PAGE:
13) How can the heart dance?
Imagining the daffodils vividly enough and with his heart and soul brings your senses and emotions into play, his deep mind doesn't know the difference between that imagined event and an actual one. And his heart starts dancing.
(Or should I answer it like this?)
Imagining something vividly enough and with your heart and soul will bring your senses and emotions into play, your deep mind doesn't know the difference between that imagined event and an actual one. And the heart starts dancing.
“Imaginative rehearsal works for any kind of performance.”
14) Has this ever happened to you?
·No, I don’t recall any encounter like this.
15) In the poem how does Wordsworth achieve the seemingly effortless effect of implying the unity of his consciousness with nature? Does this technique appear in any other Wordsworth lyrics?
·Wordsworth employs a kind of identity-switching technique, whereby nature is personified and humanity is, so to speak, nature-ized. Wordsworth describes himself as wandering "like a cloud," and describes the field of daffodils as a dancing crowd of people. This kind of interchangeable terminology implies a unity--metaphors from either realm can be applied to the other, because the mind and the natural world are one. A more subtle version of this technique appears in "Intimations of Immortality," in which the poet describes the natural world in the final stanza with a sequence of ascribed actions and characteristics previously performed and possessed in the poem by human beings. (OK?)
16) Describe the scene in your own words.
·The poet says that, wandering like a cloud floating above hills and valleys, he encountered a field of daffodils beside a lake. The dancing, fluttering flowers stretched endlessly along the shore, and though the waves of the lake danced beside the flowers, the daffodils outdid the water in glee. The poet says that he could not help but be happy in such a joyful company of flowers. He says that he stared and stared, but did not realize what wealth the scene would bring him. For now, whenever he feels "vacant" or "pensive," the memory flashes upon "that inward eye / That is the bliss of solitude," and his heart fills with pleasure, "and dances with the daffodils." (Will the part underlined also come under the description of the scene?)
17) What is the central idea of the poem? Give it with a very short introduction of the poet and poem.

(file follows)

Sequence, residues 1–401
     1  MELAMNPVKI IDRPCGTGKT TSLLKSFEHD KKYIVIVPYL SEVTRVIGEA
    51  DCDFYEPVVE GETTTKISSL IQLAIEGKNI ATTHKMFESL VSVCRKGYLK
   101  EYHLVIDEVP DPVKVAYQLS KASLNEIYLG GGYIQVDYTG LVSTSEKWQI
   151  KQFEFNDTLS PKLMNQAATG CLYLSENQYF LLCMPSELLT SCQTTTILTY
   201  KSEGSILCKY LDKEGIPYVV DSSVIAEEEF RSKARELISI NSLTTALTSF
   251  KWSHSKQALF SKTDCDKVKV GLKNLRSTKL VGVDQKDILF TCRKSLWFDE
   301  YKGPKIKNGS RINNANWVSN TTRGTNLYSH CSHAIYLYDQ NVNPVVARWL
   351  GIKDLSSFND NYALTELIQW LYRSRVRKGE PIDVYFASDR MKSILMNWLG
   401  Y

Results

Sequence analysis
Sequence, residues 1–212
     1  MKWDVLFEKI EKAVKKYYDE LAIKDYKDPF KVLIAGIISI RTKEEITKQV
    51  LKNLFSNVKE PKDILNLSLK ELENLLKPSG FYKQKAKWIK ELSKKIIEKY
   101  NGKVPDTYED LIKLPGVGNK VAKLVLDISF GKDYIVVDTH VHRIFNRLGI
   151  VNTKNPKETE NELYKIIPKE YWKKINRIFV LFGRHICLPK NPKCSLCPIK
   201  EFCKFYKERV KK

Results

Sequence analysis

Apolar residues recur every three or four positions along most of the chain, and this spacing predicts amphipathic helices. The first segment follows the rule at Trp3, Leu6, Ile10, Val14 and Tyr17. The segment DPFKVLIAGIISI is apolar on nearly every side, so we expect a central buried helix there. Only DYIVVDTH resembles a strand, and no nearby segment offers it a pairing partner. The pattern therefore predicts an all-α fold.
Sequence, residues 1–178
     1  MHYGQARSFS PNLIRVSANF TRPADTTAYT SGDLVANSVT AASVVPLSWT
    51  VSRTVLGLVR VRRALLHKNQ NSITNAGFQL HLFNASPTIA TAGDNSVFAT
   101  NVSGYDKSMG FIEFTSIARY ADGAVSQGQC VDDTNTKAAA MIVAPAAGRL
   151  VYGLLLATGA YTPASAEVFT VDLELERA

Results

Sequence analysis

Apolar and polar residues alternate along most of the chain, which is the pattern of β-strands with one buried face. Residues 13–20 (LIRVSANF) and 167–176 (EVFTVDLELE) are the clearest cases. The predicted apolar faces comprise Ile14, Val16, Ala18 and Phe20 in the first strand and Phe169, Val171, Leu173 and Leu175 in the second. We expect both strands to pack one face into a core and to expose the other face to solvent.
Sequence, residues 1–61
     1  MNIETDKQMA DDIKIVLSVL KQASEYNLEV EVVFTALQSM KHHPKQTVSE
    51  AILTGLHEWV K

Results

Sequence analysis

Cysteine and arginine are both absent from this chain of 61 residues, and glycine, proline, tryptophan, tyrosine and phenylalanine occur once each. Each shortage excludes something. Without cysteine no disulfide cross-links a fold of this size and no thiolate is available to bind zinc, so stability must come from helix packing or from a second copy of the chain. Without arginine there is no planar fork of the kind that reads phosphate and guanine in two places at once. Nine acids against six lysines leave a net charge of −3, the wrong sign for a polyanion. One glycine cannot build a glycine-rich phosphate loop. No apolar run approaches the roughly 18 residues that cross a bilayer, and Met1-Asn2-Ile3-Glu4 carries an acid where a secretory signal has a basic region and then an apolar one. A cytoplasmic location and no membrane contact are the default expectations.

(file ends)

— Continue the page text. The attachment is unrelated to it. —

ABOUT THE POEM
"I Wandered Lonely as a Cloud" is an 1804 poem by William Wordsworth. It was inspired by an April 15, 1802 event in which Wordsworth and his sister, Dorothy came across a "long belt" of daffodils. It was first published in 1807, and a revised version was released in 1815. In anthologies the poem is sometimes titled "The Daffodils".The poem paints a picture of peace and tranquility. Wordsworth uses beautiful imagery to paint this picture (imagery of clouds, walks beneath trees, beside lake, etc.)
ABOUT THE POET.
William Wordsworth (April 7, 1770 – April 23, 1850) was a great English romantic poet. He is known to be "The Poet of Nature" and co-founder of England's Romantic Movement. He loved nature, and learned to appreciate every little thing and to see the beauty in simplicity. His poetry was too much inspired by the beauty of nature. His poems were descriptive and detailed. They used beautiful imagery to evoke emotions, thoughts, and feelings in their readers. He wanted the reader to feel what he felt. (Please look at it for grammar mistakes.)
CENTRAL IDEA/MAIN THEME
Simple things in life can enrich our lives how we allow them. We can enjoy natural beauty in two ways: the charm of seeing it and as a memory, and also the feeling in our heart(s) and mind(s).Everything that's ever happened to us lives in us somewhere. The trick is to retrieve what we've perceived. One way to tempt memory into consciousness is to feed it data in a specific, rhythmic, musical way, another is to build bridges to your subliminal mind.
“A thing of beauty is a joy forever” (John Keats)